The Curly horse (also called the Bashkir Curly, North American Curly Horse, and American Bashkir Horse) comes in all colors, sizes, and body type – but is well known for its calm, intelligent, friendly personality, and their unique coat of curly hair.
The gene that gives the Curly horse its distinctive hair is most obvious in their winter coat. The gene can be expressed minimally, with curly hair just inside the ears, at fetlocks, and a wavy mane and tail. It can also be expressed maximally and in “extreme” ways. The maximal expression has curls all over the horse’s body, a “dreadlocked” mane, and curly eyelashes. The extreme expression shows tight curls all over the horse’s body, but this coat usually sheds out to almost bald in the summer. Summer coats on a curly horse show a slight wave.
The gene that gives the coat its curls is a heterozygous one, which means that some purebred Curlies show no curl at all. These are called “smooth coat” Curlies.
Caring for the curly hair is fairly simple. Most owners choose not to comb the mane to keep the coats from losing their curl. Manes are trimmed often to keep them from matting. Tails can be combed as normal. Many people collect the shedded hair from the mane and tails in Spring and donate it to the ICHO Fiber Guild to use the hair for spinning.
It is claimed that the Curly horse is the only hypoallergenic horse breed, as most people with horse allergies can handle them without an issues. A study was conducted that indicated a protein is missing from the hair of the Curly Horse that may be what causes allergic reactions, but the study was never published. Members of the Curly Horse community are trying to fund more research on this topic.
Research into the origin of the Curly horse is highly debated and is still being researched. Disagreements of the origin of the breed have resulted in confusion of what the breed is and what it should be called. Some organizations in the community want the word “Bashkir” removed from versions of the name because a 1990 study indicated that it is unlikely that the Bashkir horse – which also has a curly coat – is an ancestor. One theory is that the origins of the breed are Iberian.
The Curly horse was first recorded in Eureka, Nevada in the early 20th century by a rancher named John Damele and his sons. Mustangs were a common sight in the area, but horses with a curly coat of hair were not! Years later, the Dameles managed to catch one of the curly-coated horses, break it to ride, and sell it. In 1932 an unusually cold and harsh winter hit the area and by spring the only horses that could be found were the Curlies. This was evidence of the Curly horses’ hardiness, and the Damele family noted it and decided they should include more of these horses in their herd. After another harsh winter in 1951-1952, the family got serious about breeding the Curly horse. They found a foundation stallion in one of the Mustang herds – a two-year-old chestnut they named “Copper D”. The family didn’t care much about keeping the horses “pure” and added more blood to the herd, introducing a Morgan and an Arabian stallion among other breeds. Out of this one herd came the hundreds of pedigree Curly horses that are registered today.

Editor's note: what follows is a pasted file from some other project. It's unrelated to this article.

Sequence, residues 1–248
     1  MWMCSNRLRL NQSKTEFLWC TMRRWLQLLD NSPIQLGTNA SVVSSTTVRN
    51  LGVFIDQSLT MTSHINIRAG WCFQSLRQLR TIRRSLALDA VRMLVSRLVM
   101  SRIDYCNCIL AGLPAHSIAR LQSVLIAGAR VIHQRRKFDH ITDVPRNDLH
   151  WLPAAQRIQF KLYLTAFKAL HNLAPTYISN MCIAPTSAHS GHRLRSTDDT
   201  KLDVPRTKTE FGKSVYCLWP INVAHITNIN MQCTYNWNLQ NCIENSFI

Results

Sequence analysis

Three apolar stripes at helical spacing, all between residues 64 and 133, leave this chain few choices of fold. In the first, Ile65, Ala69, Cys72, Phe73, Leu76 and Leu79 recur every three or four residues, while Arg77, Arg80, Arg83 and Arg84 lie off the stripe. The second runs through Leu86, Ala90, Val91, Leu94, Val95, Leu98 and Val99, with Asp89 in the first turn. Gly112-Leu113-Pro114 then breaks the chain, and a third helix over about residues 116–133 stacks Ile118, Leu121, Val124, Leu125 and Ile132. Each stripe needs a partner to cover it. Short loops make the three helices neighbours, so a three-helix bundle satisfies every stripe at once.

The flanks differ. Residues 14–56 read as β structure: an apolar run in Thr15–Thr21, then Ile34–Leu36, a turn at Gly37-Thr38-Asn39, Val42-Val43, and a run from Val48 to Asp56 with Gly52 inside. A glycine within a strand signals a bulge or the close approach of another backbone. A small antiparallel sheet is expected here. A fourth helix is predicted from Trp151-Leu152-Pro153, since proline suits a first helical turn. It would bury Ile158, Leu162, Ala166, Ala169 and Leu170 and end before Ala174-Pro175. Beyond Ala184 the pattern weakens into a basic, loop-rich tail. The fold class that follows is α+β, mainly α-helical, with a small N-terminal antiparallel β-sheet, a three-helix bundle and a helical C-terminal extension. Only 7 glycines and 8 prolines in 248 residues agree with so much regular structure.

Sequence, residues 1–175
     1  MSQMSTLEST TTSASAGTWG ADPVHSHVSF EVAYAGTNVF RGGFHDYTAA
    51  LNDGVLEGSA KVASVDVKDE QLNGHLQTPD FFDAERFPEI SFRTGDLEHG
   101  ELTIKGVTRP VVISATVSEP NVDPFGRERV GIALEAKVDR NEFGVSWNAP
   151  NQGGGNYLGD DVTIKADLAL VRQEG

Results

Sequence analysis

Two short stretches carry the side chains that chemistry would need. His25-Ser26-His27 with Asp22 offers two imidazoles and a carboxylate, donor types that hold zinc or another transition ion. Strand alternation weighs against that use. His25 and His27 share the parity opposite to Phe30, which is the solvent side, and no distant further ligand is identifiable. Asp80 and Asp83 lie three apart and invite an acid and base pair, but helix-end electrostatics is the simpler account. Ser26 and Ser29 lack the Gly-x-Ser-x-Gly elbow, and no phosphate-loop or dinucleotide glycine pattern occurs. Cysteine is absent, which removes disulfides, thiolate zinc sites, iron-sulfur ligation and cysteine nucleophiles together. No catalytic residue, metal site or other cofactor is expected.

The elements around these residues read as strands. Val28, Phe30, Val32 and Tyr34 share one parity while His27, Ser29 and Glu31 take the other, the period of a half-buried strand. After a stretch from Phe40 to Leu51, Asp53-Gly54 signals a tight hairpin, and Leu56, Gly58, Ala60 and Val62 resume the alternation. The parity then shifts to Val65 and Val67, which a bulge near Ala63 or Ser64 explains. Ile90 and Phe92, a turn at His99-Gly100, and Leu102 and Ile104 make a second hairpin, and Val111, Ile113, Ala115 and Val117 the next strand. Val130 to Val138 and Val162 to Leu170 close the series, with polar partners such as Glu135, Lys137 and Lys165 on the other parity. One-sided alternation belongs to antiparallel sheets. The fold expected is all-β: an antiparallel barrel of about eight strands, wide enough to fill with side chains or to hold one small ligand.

Curlies are eye-catching and unusual in the show ring, and have the movement, endurance, and spirit for competition. They have been shown in the upper levels of some of the most elite equestrian events, including dressage and showjumping. Curlies are quiet, level-headed horses that don’t spook easily, making them excellent first horses for beginner riders. Riders with horse allergies have ridden Curlies from the beginning stages to the more advanced of competitions. The breed has also been used for driving, western events, ranch horses, trail horses, and companions. Curlies have been crossbred with some gaited breeds, resulting in about 10% of offspring that will do an ambling gait called the “Curly Shuffle”. The breed is not used for horse racing or high-trotting showing.
I am fascinated with the Curly horse! I think their curls make them absolutely adorable and unique, and felt that they deserved a place among the “Horses of the World” series. It was difficult to come up with a way to show the fur texture on the chest of my drawing, but I’m very happy with the outcome of the mane! The Curly was drawn with ink and colored pencil on a map page.
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